NATO chief: OK if someone other than Karzai signs
STUTTGART, Germany — NATO’s top official signaled on Wednesday that Afghan officials other than President Hamid Karzai have the power to sign a key long-term security accord with the U.S. and NATO, which must be agreed to soon if the alliance is to maintain a troop presence in Afghanistan after its combat mission ends next year.
“I would say everyone who is authorized to represent respective governments would be able to sign such an agreement,” said NATO Secretary-General Anders Fogh Rasmussen during a meeting of alliance defense ministers.
Rasmussen’s comments, which came after a meeting with Afghan ministers in Brussels, mirror similar statements by U.S. Secretary of State John Kerry, who on Tuesday said Afghan Defense Minister Bismullah Kahn Mohammadi should step in and sign the agreement with the U.S.
For the U.S. and NATO, the idea of circumventing Karzai comes as frustration continues to mount with the mercurial Afghan leader. The bilateral security agreement with the U.S. is the foundation for a separate status of forces agreement with NATO, Rasmussen said. Without a signed contract between the two sides, Washington and its coalition partners would likely withdraw all troops by the end of 2014. Financial aid to Afghan forces engaged in the fight against the Taliban would also be put at risk, diplomats say.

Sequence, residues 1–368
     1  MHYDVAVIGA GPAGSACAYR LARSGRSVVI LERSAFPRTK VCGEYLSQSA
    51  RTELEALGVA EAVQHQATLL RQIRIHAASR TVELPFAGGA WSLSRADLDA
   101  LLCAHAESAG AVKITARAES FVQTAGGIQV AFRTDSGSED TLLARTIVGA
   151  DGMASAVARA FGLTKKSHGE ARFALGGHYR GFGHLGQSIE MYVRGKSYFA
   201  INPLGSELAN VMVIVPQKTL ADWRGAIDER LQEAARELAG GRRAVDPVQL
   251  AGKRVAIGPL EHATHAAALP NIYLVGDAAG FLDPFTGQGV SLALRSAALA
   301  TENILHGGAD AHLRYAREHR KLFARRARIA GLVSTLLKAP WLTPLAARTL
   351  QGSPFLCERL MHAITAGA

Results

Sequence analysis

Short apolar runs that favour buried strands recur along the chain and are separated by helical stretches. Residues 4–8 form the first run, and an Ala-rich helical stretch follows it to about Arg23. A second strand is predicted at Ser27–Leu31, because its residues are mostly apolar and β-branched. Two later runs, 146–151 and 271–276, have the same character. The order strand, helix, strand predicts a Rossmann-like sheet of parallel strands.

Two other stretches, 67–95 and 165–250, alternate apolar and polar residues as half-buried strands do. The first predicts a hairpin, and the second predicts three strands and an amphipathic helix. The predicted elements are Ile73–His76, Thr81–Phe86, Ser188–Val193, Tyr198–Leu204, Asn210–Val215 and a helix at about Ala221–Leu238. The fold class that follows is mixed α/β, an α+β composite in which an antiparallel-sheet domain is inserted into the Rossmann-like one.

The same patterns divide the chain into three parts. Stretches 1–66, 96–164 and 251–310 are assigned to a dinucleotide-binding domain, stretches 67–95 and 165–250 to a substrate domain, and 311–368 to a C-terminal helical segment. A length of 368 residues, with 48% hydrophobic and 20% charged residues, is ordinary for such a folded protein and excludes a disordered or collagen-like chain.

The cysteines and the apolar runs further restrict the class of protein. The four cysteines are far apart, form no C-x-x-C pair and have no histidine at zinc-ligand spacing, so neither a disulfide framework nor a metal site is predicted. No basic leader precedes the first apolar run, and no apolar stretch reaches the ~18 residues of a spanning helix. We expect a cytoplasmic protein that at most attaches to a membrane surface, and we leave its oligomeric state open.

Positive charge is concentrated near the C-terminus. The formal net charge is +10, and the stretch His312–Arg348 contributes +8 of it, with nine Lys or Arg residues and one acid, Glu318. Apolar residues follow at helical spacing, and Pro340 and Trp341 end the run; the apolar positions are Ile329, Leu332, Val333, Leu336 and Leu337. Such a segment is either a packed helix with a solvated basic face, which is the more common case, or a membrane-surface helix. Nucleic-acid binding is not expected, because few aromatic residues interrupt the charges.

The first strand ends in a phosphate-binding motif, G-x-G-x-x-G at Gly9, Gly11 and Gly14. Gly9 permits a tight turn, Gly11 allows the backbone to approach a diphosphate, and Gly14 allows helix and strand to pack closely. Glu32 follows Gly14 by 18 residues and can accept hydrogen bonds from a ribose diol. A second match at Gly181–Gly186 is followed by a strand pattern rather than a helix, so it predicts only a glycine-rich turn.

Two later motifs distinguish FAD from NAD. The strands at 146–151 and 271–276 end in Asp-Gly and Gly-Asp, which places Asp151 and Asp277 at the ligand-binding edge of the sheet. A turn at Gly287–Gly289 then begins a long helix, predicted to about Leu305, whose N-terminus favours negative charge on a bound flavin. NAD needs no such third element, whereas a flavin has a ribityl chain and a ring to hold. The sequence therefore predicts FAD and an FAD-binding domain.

Karzai, who has issued a series of new demands for a security deal, has said he will not sign any accord until April, when his successor is elected, a timeline that U.S. and NATO officials say is unacceptable. Karzai’s delay also defies the recommendation of a nationwide consultative council, or Loya Jirga, he convened last month to review the accord.
The drawn-out dispute with Karzai resembles what U.S. officials experienced two years ago in Iraq, when failure to agree on a similar status of forces agreement with the government in Baghdad killed plans for a postwar training mission that was to include NATO advisers.
Rasmussen said Afghan ministers attending the meeting in Brussels offered no new timeline for obtaining approval of the security deal, which Washington insists must be signed by the end of this year.
“I have to stress that time is of the essence and is gradually running out,” he said.
Without an agreement to maintain a troop presence, NATO must plan for the full withdrawal of troops and the transport of all equipment from Afghanistan by the end of 2014, he said.
“We have made it clear to the visiting Afghan ministers that we need that legal clarity before we can move ahead with planning our deployments,” Rasmussen said. “We all need clarity and certainty and need it soon.”